Cutting Respins: Journey to the Single-spin PCB

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PCB design is more than a short sprint to the finish line; it is a journey best suited for the prepared adventurer. According to a study by Lifecycle Insights, the average PCB design project requires 2.9 respins. These respins can cost anywhere from tens of thousands to millions of dollars—each!

As an engineer/business owner, I find respins frustrating because I would rather spend my time and money applying scientific principles inventing, improving technology, and solving problems. I am not an advocate for perfectionism, but rather I focus on becoming a better adventurer. Sometimes I get to taste the sweet wine that is a single spin PCB. As fellow adventurers, let’s discuss some topics that influence unnecessary return trips on our PCB design journey: simulation, technical reviews, and interest in PCB design.

I like to say, “A sim in time will save dimes, especially on the assembly line.” Yes, it’s true: Circuit simulation guides PCB design decisions and helps avoid costly mistakes. A customer of mine ran into a simple problem of misapplying design reuse, which could have been easily caught if a simple simulation had been performed. They were using a simple NPN transistor to drive a 12V relay in a previous design and decided to use the circuit design for a new 5V design. The new product passed certification testing, and all design documents were locked down in configuration control with the regulatory authority.

The first assembly run immediately began to see failures in production testing—many more failures than were allowed by the regulatory authority. The transistor that worked well for the 12V design did not work for the new 5V design. A simple Spice simulation performed as part of the root cause analysis clearly showed the transistor did not have sufficient DC current gain to drive the 5V relay. Ultimately, a respin was needed to address the issue. The cost was in the millions of dollars, and the delay was over six months.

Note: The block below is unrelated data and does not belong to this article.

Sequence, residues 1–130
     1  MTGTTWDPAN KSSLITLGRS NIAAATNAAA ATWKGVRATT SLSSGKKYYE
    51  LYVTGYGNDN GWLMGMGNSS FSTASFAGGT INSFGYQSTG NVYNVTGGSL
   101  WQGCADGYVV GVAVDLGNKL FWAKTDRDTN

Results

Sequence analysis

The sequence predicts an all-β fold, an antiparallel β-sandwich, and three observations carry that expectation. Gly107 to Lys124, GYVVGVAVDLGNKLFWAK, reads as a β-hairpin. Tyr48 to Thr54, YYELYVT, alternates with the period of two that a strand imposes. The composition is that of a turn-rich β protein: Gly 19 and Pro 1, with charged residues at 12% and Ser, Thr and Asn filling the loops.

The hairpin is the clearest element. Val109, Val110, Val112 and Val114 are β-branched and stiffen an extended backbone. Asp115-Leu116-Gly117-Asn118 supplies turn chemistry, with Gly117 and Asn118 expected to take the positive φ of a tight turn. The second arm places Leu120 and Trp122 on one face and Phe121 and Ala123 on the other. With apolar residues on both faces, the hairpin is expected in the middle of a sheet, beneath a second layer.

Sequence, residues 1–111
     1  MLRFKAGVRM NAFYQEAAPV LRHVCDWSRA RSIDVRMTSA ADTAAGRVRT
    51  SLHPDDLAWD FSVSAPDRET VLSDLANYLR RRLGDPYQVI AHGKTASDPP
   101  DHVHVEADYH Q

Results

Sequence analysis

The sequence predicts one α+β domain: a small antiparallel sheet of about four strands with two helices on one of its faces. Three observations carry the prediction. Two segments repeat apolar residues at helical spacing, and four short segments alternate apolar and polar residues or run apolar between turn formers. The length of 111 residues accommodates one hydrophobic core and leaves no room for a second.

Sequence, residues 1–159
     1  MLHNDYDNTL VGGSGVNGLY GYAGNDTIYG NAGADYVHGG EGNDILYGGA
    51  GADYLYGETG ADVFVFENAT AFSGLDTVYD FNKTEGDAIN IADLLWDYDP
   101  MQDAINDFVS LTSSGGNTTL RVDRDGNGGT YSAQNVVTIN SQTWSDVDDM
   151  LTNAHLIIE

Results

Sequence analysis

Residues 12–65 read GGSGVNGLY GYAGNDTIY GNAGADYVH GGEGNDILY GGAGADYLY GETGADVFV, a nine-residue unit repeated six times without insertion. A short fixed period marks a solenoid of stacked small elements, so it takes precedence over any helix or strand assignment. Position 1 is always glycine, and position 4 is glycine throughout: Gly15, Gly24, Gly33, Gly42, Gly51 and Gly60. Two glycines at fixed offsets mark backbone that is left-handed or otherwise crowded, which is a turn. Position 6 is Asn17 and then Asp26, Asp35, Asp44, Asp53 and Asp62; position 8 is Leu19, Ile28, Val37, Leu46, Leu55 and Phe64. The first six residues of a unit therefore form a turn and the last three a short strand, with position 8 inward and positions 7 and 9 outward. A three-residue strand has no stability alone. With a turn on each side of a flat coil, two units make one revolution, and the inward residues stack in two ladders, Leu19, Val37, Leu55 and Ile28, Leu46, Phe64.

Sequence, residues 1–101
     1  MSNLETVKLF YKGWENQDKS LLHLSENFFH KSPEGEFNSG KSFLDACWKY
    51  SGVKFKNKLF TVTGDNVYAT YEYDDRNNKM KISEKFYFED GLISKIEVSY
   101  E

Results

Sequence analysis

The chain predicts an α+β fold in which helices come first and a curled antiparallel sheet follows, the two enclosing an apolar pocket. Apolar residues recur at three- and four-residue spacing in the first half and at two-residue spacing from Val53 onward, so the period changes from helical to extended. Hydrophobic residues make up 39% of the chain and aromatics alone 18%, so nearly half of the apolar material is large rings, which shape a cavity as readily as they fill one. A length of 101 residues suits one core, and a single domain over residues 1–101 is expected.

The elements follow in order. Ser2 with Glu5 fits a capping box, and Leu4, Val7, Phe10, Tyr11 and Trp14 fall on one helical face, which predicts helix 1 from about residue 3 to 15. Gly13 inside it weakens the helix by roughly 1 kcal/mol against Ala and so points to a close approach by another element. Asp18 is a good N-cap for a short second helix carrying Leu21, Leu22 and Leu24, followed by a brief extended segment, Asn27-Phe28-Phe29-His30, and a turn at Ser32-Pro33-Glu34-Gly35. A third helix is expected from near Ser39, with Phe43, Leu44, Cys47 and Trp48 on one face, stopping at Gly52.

Most often, I see respins occur due to simple design mistakes rather than some complex multiple-variable problem that exists. The lesson is that simulating your designs will reduce the risk of respins due to simple mistakes or bad assumptions.

Peer reviews are great, but SME reviews are better. Early in my career, I fell victim to the fallacy of allowing only my peers to review my work. I was responsible for the redesign of a digital processor/IO control board in an airborne surveillance system. The control signals to the RF transmitter were TTL (5V), and my task was to interface them to an LVTTL (3.3V) FPGA. Simple enough, I thought; I will use a 3.3V-to-5V translation buffer. My peers in the preliminary design review agreed that this was a simple solution that was implemented correctly. But during system integration, an engineer noticed that when the system was powered on, a high-powered RF pulse was being transmitted from the system.

I did not understand what was happening and just happened to speak with the power supply expert on our staff. When he saw my schematics, he instantly discovered the cause of the problem. He pointed out to me that the 3.3V and 5V power supplies were not sequenced together in the design, and in fact, the 5V leads the 3.3V by several milliseconds.

During the time when the 5V is up and the 3.3V is off (~0V), the 5V transmitter control signals from the translation buffer are commanding the transmitter to transmit at full power. This resulted in a respin of the processor/IO control and power supply boards in the system. Including our power supply expert in my design review would have avoided two board respins in this project. Lesson learned: Always include subject matter experts in your design reviews. They have valuable knowledge and insights that can help keep you out of trouble.

Respins do not have to be a part of your company’s reality. If you enjoy PCB design, invest your time in becoming good at your job. Being interested in PCB design gives you the tenacity needed when facing difficult or complex design problems, and it provides the fuel for improving your design skills.

A litmus test for gauging your interest in PCB design is how you spend your free time. Do you find yourself daydreaming about PCB design in your off time and/or tinkering at home with your own designs?

If the answer is yes, then I suggest you find others who enjoy it as well, including SMEs from across the PCB design spectrum. Interacting with those who share your interest in PCB design helps strengthen your own abilities. An excellent resource for connecting to others with strong interest in PCB design is the Printed Circuit Engineering Association. PCEA’s core values of collaboration, inspiration, and education are derived from the founding members’ expertise and interest in PCB design. My inspiration for sharing my ideas and experiences in this article is derived from my interest in PCB design and encouragement from like-minded colleagues and friends.

Remember: A sim in time will save dimes. And always let the appropriate subject matter experts take part in your design reviews. You might save your company millions of dollars and months of lost time-to-market.

This article appeared in the December 2020 issue of Design007 Magazine.


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